Brian J Ford
Brian J Ford's first national broadcast was on driving. He has also written in The Guardian on joy-riding. In this article, written the day after the death of Princess Diana, he offers some important lessons we still have to learn.
Today's culture of speed, pills and recklessness killed Diana. It was not just the intrusion of the media and the lust for stolen images. Diana could only have become known as a caring and compassionate woman through her cultivation of the media. Arrival in a conspicuous private aircraft, shopping in the highly public Parisian stores and dining at the Ritz are not the actions of someone terrified of exposure, and anxious to avoid the eyes of a curious press.
The paparazzi, hanging like scavengers around scenes of illicit meetings or shocking behaviour, are really little worse than the rest of us. Many of the photographs used to decorate reports of the terrible tragedy in which Diana died were snatch-shots which infringed privacy. The best of newspapers used them, and the best of readers avidly devoured them.
The press are simply the advance guard of the rest of us, insatiably curious to know what the others are doing. To accuse the photographers of neglecting to aid a fellow human in wretched and agonising distress may be good sense, and good law; but to accuse them of causing death through pursuit is a nonsense. Everyone is curious to see the indiscretions of a beautiful woman, courted by a middle-aged man with money. Drive at thirty, and that's the speed at which the chasers will travel. In France you can phone and have prying eyes apprehended. There's little excuse for wanton recklessness. Diana was killed through senseless machismo and a failure to follow the normal tenets of civilised life. The hallmarks of her tragic demise are redolent of this modern age - speed, intoxication, pill-popping, a disregard for the law, and bravado. Like little girls on housing estates beset by joy-riders, she died at the hands of a crazy driver.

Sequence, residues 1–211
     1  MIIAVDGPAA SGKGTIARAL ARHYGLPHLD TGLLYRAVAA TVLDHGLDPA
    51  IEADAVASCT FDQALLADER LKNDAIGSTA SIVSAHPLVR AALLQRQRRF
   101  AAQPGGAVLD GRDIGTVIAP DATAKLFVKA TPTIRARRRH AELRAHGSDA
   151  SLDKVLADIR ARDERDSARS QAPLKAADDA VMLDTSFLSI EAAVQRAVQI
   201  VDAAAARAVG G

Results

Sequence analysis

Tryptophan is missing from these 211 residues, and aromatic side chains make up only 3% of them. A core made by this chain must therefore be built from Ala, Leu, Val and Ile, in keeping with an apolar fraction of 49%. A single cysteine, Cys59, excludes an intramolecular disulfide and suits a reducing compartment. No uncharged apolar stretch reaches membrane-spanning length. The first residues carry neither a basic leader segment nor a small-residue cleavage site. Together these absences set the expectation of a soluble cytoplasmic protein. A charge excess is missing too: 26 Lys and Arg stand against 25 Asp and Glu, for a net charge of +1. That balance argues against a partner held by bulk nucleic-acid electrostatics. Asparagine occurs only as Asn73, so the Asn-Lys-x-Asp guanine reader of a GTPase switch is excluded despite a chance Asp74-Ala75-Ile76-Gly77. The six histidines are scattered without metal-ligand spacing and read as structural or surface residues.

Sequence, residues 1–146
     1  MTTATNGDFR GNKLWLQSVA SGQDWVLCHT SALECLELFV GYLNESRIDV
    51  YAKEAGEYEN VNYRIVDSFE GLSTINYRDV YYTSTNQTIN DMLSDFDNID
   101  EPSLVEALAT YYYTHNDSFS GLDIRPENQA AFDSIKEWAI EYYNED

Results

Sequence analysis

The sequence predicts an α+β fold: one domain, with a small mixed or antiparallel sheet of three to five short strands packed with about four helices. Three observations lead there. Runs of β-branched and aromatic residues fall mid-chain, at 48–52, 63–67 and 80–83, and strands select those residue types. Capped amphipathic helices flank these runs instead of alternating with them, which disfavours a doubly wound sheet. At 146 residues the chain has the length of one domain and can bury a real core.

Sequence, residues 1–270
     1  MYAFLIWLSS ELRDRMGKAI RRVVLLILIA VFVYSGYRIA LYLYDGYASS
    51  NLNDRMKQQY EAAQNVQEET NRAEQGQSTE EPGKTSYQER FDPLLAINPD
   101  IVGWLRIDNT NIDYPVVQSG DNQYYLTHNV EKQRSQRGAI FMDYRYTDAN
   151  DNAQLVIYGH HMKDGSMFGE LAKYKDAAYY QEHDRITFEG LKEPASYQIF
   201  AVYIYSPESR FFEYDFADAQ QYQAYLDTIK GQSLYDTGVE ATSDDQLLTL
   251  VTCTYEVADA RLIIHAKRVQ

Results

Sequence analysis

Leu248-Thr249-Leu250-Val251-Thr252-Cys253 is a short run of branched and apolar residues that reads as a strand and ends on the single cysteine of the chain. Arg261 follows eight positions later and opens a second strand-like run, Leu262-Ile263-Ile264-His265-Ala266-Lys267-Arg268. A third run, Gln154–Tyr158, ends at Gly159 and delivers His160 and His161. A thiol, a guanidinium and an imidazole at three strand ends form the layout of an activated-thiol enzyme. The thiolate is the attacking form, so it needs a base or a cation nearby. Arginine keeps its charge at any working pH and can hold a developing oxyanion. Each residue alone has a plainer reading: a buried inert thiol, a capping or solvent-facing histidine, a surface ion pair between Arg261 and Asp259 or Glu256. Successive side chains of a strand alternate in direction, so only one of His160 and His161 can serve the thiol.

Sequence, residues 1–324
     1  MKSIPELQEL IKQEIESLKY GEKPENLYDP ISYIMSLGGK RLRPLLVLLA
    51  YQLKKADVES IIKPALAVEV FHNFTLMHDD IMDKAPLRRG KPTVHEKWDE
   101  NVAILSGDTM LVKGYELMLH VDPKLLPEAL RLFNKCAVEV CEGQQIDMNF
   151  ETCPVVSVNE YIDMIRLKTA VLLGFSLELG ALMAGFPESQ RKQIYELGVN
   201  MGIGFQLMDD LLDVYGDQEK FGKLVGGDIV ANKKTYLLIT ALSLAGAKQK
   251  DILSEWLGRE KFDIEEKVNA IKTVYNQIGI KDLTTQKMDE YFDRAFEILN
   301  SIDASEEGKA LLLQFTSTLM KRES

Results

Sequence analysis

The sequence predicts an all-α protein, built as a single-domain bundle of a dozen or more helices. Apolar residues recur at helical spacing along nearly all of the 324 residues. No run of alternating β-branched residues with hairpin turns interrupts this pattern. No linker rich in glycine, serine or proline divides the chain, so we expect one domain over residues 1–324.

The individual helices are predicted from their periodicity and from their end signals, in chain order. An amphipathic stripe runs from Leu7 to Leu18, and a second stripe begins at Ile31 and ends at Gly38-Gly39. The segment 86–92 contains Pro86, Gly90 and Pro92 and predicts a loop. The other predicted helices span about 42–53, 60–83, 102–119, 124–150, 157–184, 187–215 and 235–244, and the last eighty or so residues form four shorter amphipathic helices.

In so many countries you can often see the foolish sons of the rich. They drive fast cars, they drink to excess, seduce pretty women, and often act with indifference to the feelings of those attracted to their world. Few of them have the brains to make money; often it is heaped upon someone lacking the refinement to handle it by an over-generous relative. They tell me Dodi Fayed was courteous and kind, so he must have been an exception to the rule.
His father Mohamed Fayed may not have gained his British citizen just yet, but he captured the hallmark of the sophisticated British way of life: he purchased Harrods. Then he bought some of our leading politicians, and was instrumental in the fall of the Conservative Party. Next his son went off with our future King's mother. He might not mount the throne, but he did the next best thing. Yet all the while lurked the danger of death.